Max Verstappen delivered a commanding performance to win the 2022 French Grand Prix at Paul Ricard
Max Verstappen dominated the French Grand Prix after race leader Charles Leclerc’s Ferrari slipped from his control on Lap 18. Entering the high-speed Le Beausset, the Monegasque’s F1-75 snapped sideways and slammed into the barriers.
Leclerc was out on the spot.
Verstappen was left to take an unchallenged victory, with an eventual margin of 10.587s over runner-up Lewis Hamilton.
His victory was a significant step toward his second Formula One world championship, while title rival Leclerc’s championship title hopes dimmed dramatically.
Verstappen’s 27th career win matches victories with Sir Jackie Stewart. The Dutchman’s French title is the sixth in the last nine races and seventh this season. He is the first driver to win here from below pole position since the race returned in 2018.
The victory extends Verstappen’s lead over Leclerc, who remains second in the championship, to 63 points, with ten races remaining. Having been 46 points behind Leclerc in Australia’s third round, this latest result indicates just how consistent both Verstappen and Red Bull have been over all but two of the last nine races.
In his 300th Formula One career appearance, Mercedes’ Lewis Hamilton put in an impressive drive to second while teammate George Russell won a thrilling duel with Sergio Perez to claim third, creating Mercedes’ first double podium of the 2022 season.
Finishing in fifth place, Ferrari’s Carlos Sainz produced a memorable performance. The Spaniard started last following an engine penalty, surging from 19th on the grid to third. His Ferrari also received a five-second penalty for his team’s unsafe release from his first pitstop.
Nevertheless, Sainz remained relentless, pitting again for mediums on Lap 43, re-passing both Alpines and McLarens to finish fifth at the chequered flag.
Alonso (Alpine) finished sixth, Norris (McLaren) seventh and Ocon (Alpine) eighth. Daniel Ricciardo (McLaren) surged to claim ninth. The Aston Martins fought for the final point, with Stroll squeezing ahead of an annoyed Sebastian Vettel.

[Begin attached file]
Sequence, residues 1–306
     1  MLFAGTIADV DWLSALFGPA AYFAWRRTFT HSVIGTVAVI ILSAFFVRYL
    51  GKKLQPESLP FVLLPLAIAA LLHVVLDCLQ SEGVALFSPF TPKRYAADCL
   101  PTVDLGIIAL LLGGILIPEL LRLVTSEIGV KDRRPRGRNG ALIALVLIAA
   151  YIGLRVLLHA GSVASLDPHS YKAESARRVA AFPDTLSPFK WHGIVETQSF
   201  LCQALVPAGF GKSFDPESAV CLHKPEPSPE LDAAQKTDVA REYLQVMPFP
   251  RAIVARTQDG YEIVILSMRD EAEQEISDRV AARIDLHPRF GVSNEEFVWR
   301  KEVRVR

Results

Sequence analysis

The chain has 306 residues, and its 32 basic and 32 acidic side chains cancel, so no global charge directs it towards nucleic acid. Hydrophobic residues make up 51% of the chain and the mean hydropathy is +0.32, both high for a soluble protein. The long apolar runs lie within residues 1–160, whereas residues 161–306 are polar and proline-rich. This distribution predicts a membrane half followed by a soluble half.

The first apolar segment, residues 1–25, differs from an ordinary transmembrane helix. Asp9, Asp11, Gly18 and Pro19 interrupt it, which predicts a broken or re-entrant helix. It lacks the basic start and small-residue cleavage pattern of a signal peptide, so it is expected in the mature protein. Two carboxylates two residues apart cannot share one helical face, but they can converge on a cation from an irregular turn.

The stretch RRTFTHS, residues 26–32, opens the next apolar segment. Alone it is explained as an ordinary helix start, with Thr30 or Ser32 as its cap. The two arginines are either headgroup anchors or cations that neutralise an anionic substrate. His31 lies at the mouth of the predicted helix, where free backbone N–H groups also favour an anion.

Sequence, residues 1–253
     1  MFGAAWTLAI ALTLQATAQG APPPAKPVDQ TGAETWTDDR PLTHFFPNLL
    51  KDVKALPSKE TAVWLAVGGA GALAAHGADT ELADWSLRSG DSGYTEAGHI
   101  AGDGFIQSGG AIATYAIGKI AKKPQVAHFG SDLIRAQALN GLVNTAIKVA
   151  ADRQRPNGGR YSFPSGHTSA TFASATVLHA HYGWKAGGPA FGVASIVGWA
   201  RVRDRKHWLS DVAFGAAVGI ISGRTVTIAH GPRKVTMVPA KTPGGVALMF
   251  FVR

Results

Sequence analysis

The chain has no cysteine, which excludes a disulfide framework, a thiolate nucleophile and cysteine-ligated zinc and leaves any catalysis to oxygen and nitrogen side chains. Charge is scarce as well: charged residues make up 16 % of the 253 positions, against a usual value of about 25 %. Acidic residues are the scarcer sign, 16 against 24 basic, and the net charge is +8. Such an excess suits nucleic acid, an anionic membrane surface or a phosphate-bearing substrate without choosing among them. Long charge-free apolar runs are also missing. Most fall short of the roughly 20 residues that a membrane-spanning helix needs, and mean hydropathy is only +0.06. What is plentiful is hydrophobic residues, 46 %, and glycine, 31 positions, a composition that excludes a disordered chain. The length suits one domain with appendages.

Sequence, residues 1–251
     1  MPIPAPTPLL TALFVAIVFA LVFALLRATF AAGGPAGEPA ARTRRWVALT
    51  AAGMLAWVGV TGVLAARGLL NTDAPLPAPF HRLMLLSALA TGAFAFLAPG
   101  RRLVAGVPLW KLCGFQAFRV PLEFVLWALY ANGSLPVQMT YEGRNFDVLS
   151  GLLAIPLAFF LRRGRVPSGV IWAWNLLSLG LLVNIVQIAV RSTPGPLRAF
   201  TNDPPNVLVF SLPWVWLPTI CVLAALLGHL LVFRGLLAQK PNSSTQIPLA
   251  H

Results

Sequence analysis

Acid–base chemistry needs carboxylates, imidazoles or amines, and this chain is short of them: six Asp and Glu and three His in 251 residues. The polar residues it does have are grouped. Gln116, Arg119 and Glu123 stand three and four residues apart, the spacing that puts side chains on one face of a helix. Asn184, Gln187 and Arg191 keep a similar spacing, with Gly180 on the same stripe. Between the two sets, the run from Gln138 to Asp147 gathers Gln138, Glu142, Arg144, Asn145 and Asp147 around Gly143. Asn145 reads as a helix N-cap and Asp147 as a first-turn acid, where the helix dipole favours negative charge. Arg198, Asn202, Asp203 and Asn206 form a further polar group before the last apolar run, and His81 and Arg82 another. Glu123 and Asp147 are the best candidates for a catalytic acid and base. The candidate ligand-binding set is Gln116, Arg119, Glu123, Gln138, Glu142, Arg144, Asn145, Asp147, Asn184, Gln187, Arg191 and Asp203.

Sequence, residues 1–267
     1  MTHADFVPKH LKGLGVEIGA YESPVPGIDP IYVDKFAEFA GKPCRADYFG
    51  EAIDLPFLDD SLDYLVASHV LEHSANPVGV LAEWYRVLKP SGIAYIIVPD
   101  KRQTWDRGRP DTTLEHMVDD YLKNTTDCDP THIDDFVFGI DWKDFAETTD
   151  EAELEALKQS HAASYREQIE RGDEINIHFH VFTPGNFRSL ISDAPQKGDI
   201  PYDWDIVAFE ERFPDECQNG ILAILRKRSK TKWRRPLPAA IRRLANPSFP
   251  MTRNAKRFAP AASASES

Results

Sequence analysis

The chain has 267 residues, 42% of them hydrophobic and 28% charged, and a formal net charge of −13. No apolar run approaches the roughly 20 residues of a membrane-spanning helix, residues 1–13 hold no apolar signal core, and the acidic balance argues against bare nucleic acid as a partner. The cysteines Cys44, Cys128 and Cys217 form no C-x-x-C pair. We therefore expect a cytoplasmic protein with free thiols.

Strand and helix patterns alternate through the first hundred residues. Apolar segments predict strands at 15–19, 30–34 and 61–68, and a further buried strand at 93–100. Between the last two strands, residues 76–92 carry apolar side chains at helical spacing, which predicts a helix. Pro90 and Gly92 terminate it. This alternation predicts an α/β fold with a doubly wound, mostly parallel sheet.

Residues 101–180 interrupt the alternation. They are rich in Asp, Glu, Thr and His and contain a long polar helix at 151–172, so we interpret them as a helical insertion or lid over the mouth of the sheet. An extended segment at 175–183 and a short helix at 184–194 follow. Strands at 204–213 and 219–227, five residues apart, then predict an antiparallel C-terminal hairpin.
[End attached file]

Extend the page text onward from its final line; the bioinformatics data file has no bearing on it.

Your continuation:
Charles Leclerc secured pole position for the 2022 French Grand Prix with help from team-mate Carlos Sainz, who would start at the back of the Grand Prix grid due to engine replacement penalties.
Ferrari topped all three qualifying segments, with Leclerc taking Q1 and then Sainz best in Q2.
Sainz’s engine penalties meant he could sacrifice his qualifying times to be used to slipstream Leclerc up the Mistral straight on his flying laps. The scheme worked perfectly.
Sainz’s final slipstream tow helped Leclerc improve by 0.337sec with a 1min 30.872sec, leaving Verstappen in second place, 0.304sec slower than his championship rival.
Hamilton managed a time within a second of Leclerc to go fourth, ahead of Norris and Mercedes teammate Russell.
Leclerc seized the lead at lights out, and into Turn 1, with Verstappen holding off the very rapid Lewis Hamilton, who jumped to third at Perez’s expense. The Brit thought better before starting a wheel-to-wheel battle with the Dutchman at the opening chicane. Fernando Alonso had an even more explosive start, rocketing from P7 to P5 while passing Russell and both McLarens.
Verstappen kept close to Charles Leclerc but remained outside the DRS activation 1sec gap by Lap 3.
Further down the field, Kevin Magnussen, who started last due to engine penalties, jumped to 12th from 20th while dodging a collision between Alpine’s Ocon ( 5sec penalty ) and AlphaTauri’s Yuki Tsunoda.
By Lap 4, Verstappen, thanks to his speed on the Mistral Straight, had closed to within a second of Leclerc. Two laps later, Leclerc gave Verstappen a brief opportunity to close in as the Monegasque caught his Ferrari’s snap of oversteer through the chicane.